Juice Williams was expected to make his senior season his best. A certainty to become the all-time total yardage leader at Illinois, some thought he might challenge the all-time Big 10 record and lead the Illini to a major bowl game. Instead, the Illini are in a 1-6 tailspin, and Williams is struggling to keep his starting role.
In a surprise against Purdue, Williams shared time with redshirt freshman Jacob Charest. With Charest showing poise in the pocket and an ability to find downfield receivers, he will continue to share time with Williams.
There is no way Williams thought this season would go so badly for him and the Illini team.
"My senior year, I never expected this. Not just from an individual standpoint but for the team. It's tough waking up in the morning, and it's back to reality. It seems like a dream, like at some point I will wake up. But I still think we can get this thing turned around and have a good last half of the season."
As a team leader, it is hard to maintain respect from teammates and encourage improved play when you are mired in a slump.
"Definitely, especially when things aren't going your way and you kind of struggle. Being a leader, it kind of makes it harder to step up and be more vocal when you're struggling yourself. It's something that has to be done."
The critics have been numerous. The quarterback position is the most visible one on any football team, and he must bear the brunt of the blame for offensive problems. Fortunately, Williams has encountered a few supporters along the way.
"A few classmates. There are a few die-hard Illini fans who good or bad are always gonna be supportive. Normally, there's a bunch of guys that are gonna be with the team no matter what the results are. That's always a good feeling to have."
He has also received positive input from former teammates including Pittsburgh Steeler running back Rashard Mendenhall.
"Rashard was texting me Thursday night, Friday night. He was telling me to keep my head up, positive things like that."
Speaking Monday, Williams talked about how one must continue to look for positives to reverse negative trends.
"It's tough to do, but you have to think every day is a fresh start, something you can build on. We had a pretty good practice today, so that's something we can build on. Come Saturday, we've just got to execute."
One advantage for Williams is the opponent Saturday. He has fond memories of his record-breaking performance at Michigan's Big House last year.
"It's always fun to watch. We actually were watching clips from the game today as a motivational thing, trying to get us prepared and letting us know we can do the same thing if we come together, play hard and execute."
After a stellar four-year career, it is difficult for Williams to face questions about the quality of his competitor Charest. But he hasn't given up on remaining the top gun.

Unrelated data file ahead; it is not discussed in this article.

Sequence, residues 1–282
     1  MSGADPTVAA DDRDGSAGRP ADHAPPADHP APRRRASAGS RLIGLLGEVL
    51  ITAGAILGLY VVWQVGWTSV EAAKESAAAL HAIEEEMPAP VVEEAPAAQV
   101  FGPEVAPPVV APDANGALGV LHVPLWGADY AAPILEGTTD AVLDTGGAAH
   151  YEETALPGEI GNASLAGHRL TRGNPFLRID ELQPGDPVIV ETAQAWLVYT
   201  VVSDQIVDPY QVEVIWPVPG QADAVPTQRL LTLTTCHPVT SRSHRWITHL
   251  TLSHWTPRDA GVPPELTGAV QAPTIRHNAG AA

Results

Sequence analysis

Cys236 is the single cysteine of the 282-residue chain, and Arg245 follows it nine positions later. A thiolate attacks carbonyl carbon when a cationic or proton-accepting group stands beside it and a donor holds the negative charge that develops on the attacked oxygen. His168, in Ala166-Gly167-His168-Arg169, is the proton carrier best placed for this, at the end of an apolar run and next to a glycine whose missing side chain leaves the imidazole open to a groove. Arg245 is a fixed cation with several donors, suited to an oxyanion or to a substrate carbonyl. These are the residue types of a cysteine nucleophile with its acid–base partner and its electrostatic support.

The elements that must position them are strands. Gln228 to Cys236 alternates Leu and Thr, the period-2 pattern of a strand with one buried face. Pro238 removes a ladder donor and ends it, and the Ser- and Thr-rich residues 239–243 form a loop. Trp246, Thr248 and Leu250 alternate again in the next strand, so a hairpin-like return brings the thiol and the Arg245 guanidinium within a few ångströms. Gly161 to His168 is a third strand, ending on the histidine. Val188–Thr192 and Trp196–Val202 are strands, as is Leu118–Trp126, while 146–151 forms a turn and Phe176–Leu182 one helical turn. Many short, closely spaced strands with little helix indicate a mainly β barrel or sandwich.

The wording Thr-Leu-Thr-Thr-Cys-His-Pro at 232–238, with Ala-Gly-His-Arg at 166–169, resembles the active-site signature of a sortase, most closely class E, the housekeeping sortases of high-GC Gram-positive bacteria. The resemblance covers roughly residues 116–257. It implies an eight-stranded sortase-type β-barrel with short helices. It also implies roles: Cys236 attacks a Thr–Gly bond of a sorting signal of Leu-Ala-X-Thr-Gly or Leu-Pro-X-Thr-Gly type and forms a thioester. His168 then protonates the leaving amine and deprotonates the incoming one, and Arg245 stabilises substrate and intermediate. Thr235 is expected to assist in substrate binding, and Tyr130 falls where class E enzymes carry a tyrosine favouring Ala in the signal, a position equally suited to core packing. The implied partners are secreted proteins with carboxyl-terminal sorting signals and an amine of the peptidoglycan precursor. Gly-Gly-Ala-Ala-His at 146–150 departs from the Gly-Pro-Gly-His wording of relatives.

"First of all, I think I'll be in there. And I'm pretty sure Jake can come in. We've been working on things to get him prepared. Whatever it takes. I've been telling everybody all week, if I'm slipping up of course I want somebody coming in. Last week was his first collegiate game. So I expect his time to increase."
He was impressed with Charest's poise in the pocket in his first-ever action.
"Much better than I was. He threw the ball very well. Four years ago, I could never have imagined throwing the ball as well as he has."
Williams has handled adversity extremely well this year. Center Eric Block, who has a fairly intimate relationship with Illini quarterbacks, spoke in almost reverential tones about Williams' response to sharing his job.
"Juice is definitely gonna take this the right way. He's a team player, first and foremost. He's just doing whatever he can to help the team. He's a class act, and he has been since day 1. There's not gonna be any griping from Juice. He's an upbeat guy. He's always trying to get the guys up and keep everybody excited."
Coach Ron Zook spoke along similar lines.
"I mean this, if I had a son, I would want my son to be on this team if no other reason than to see how he's handling it. It's easy to point fingers, but it's unbelievable the way the guy handles it. To me, no one saw this thing coming and obviously he didn't either. The way he's handled it, I'm not sure a lot of adults could handle it.
"I had a long talk with Juice yesterday. Juice wants to win. He's pulling his hair out. The biggest thing we have to do with Juice is that everybody's pounding on him and he has to somehow separate that stuff.
"He's done it before. It's a confidence issue. If you've ever had your confidence shaken at anything you've ever done, he has to overcome that stuff, and that's something we as a coaching staff have to help him do. He's done it before and he can do it again, and it's our job to get him to do it again."
Jake Charest discusses his role in part 2.